She slammed the door behind her. She went into her room and found herself in bed, staring at the ceiling. Her heartbeat still bothered her, and her heavy breathing. But she wouldn’t cry, wouldn’t let anyone, even herself, see that something had gotten to her.
She lay there, and gradually the sun set and the light turned golden. She listened to the sounds outside, and hated it.
She thought about telling her father, but decided there was no point. Coming here had been his idea. If Myra was alive she never would have allowed it. But Wanda somehow felt that her mom’s death was why they were here in the first place. The black people here, therefore, had reason to want them elsewhere. Gentrification had been a phenomenon in the old neighborhood too.
More time passed, then Wanda heard her father’s voice; he said goodbye to his man, a Mexican named Juan, and locked the gate after him. Then her father’s footfalls ascended the front stairs and he came in the front door. A few seconds later he knocked on her door:
“How hungry are you?” he asked.
She swallowed away the sweat in her throat.
“Not very,” she said.
“How was Caesar’s walk?”
A few seconds passed.
“Okay. We’re having hamburgers tonight,” and with that he walked away.
He couldn’t tell, she thought. I know it’s not because he doesn’t care. Does he?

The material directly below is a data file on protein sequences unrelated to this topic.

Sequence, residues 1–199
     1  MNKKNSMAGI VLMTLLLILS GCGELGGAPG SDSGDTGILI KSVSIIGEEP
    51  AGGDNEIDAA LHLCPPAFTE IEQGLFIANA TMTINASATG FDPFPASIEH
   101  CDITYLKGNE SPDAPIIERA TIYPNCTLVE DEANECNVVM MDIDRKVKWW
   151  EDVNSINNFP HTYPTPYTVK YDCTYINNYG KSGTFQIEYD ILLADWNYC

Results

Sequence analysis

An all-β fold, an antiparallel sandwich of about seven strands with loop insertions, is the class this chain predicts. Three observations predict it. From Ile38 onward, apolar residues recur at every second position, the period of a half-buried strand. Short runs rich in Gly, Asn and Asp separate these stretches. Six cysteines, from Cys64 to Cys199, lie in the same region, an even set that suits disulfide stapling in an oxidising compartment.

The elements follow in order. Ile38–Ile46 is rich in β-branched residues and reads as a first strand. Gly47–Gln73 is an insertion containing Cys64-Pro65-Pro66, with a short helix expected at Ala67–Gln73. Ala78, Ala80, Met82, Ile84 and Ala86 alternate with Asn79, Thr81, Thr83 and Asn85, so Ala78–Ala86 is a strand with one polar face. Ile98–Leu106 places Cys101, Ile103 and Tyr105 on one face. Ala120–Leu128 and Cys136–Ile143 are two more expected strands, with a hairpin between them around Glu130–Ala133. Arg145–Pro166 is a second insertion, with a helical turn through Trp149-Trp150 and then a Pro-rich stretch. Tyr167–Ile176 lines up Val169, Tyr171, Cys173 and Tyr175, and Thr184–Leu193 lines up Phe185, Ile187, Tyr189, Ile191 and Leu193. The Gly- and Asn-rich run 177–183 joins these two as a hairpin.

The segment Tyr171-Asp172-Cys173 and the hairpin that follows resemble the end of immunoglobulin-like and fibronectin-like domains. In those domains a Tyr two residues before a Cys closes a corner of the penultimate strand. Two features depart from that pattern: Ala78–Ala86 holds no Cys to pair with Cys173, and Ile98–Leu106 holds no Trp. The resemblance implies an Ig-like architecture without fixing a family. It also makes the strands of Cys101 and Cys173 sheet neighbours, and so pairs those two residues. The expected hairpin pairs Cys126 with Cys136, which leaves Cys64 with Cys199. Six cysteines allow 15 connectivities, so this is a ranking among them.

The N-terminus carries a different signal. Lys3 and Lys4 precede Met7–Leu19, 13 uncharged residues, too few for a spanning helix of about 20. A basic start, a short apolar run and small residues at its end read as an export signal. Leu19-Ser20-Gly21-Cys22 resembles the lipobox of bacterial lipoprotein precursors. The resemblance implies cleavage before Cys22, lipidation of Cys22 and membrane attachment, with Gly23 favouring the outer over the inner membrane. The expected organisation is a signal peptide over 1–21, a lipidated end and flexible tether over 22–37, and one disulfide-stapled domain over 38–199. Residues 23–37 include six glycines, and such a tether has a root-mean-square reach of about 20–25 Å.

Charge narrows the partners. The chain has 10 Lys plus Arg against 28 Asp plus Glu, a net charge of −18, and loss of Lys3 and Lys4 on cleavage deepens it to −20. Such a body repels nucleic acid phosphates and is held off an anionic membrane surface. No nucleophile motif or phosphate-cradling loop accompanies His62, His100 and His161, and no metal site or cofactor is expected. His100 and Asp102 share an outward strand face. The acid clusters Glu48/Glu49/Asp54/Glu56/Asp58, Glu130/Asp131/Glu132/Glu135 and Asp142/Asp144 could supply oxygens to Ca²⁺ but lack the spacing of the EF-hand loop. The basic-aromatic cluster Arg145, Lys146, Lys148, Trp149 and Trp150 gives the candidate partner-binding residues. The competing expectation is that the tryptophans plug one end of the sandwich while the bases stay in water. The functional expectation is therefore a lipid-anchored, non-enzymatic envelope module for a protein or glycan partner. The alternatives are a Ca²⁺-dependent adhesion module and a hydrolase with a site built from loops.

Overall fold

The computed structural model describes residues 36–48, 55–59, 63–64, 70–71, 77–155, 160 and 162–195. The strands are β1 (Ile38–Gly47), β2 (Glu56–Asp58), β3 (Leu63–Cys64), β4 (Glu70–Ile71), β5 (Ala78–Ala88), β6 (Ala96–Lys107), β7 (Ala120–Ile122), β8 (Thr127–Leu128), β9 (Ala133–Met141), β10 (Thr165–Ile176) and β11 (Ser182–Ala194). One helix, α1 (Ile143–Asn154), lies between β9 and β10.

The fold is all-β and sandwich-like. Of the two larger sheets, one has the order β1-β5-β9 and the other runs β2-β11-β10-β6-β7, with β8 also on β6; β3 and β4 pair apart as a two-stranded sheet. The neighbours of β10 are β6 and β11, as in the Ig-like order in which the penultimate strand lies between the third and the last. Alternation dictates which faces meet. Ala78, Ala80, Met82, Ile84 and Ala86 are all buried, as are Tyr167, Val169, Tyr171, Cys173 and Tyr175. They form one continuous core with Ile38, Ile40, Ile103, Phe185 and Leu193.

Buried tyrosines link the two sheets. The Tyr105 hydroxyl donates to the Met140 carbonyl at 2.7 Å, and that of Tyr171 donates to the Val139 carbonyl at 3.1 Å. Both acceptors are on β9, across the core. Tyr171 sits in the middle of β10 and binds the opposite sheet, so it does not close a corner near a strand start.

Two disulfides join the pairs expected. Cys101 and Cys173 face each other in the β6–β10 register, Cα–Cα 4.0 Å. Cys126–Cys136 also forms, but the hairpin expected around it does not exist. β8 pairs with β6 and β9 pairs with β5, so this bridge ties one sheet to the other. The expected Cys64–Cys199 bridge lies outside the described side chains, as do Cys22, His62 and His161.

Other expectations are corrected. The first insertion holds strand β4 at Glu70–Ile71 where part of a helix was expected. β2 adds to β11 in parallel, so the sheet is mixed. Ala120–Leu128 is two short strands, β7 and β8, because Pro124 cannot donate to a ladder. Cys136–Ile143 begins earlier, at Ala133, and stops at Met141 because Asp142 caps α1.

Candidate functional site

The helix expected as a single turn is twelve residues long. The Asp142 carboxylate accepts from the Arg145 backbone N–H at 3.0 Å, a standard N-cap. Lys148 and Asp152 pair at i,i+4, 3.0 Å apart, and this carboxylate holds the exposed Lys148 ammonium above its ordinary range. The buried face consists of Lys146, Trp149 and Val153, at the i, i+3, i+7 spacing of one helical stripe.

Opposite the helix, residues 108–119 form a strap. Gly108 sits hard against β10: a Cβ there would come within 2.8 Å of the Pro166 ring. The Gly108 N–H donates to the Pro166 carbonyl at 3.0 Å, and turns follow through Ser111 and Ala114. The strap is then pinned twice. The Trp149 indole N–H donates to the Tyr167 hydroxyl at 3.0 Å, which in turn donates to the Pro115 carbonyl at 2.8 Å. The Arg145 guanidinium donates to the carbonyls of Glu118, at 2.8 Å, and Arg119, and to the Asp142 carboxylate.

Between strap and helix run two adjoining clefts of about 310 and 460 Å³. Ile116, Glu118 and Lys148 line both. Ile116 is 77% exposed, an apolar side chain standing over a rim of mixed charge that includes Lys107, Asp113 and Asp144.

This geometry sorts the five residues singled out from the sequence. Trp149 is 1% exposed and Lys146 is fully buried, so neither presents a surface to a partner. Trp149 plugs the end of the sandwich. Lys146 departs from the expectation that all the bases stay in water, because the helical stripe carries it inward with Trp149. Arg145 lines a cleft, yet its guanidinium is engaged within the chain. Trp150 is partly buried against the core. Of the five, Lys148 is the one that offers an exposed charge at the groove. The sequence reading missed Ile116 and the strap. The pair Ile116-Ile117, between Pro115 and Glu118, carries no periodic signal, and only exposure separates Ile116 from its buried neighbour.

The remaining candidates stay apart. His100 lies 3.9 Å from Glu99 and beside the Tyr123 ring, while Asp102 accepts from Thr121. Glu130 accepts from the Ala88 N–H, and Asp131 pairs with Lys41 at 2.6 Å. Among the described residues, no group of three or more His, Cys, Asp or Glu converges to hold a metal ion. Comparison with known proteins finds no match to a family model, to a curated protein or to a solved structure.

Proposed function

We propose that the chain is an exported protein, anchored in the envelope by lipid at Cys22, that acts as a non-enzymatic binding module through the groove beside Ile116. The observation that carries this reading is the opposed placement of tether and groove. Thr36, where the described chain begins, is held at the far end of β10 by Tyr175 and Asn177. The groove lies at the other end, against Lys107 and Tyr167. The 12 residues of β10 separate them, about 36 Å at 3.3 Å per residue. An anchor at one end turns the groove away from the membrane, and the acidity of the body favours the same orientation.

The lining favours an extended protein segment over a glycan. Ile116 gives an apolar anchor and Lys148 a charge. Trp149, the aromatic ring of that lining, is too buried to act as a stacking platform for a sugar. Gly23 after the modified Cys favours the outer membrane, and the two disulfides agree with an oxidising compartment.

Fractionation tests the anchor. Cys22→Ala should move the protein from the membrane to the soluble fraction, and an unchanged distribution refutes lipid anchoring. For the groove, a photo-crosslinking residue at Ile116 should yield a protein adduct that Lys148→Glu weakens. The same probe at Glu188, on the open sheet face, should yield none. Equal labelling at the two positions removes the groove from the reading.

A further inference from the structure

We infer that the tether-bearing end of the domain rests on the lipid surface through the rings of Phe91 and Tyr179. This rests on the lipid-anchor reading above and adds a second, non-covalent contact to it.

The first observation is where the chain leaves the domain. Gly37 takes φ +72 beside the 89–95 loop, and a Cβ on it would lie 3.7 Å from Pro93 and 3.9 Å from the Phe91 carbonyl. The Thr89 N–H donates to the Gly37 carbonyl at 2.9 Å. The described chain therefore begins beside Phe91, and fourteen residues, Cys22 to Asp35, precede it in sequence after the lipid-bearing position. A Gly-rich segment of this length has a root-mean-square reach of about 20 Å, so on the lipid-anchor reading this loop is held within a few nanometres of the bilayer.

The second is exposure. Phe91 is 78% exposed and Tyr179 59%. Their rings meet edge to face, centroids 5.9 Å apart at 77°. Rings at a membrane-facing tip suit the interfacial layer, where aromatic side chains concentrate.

Why was she stuck with him, in all this danger? She wished she’d slapped the rock girl in her fat brown face.
When Lawrence summoned her for dinner she put on as much composure as she could, and ate with him silently. They usually did this. Then she went back to her room and crawled back into bed. The night fell, but not the outside voices. She took a book out of her shelf, The Collected Works of Edgar Allen Poe, and read into the night, but none of the scary stories impressed her. It would, from now on, probably take more than the usual to do so. Lawrence was watching an A’s game in the living room. How she resented him. She had no choice but to toughen up or let the fear get the better of her. In another year she would be in high school. What would those who came to her house have to say about it? When she went to college it would be to a place as far away from Oakland as possible.
The next day she took Caesar out for another walk. She did this almost every day for the rest of the summer. Miraculously, she never saw Janey and her friends again.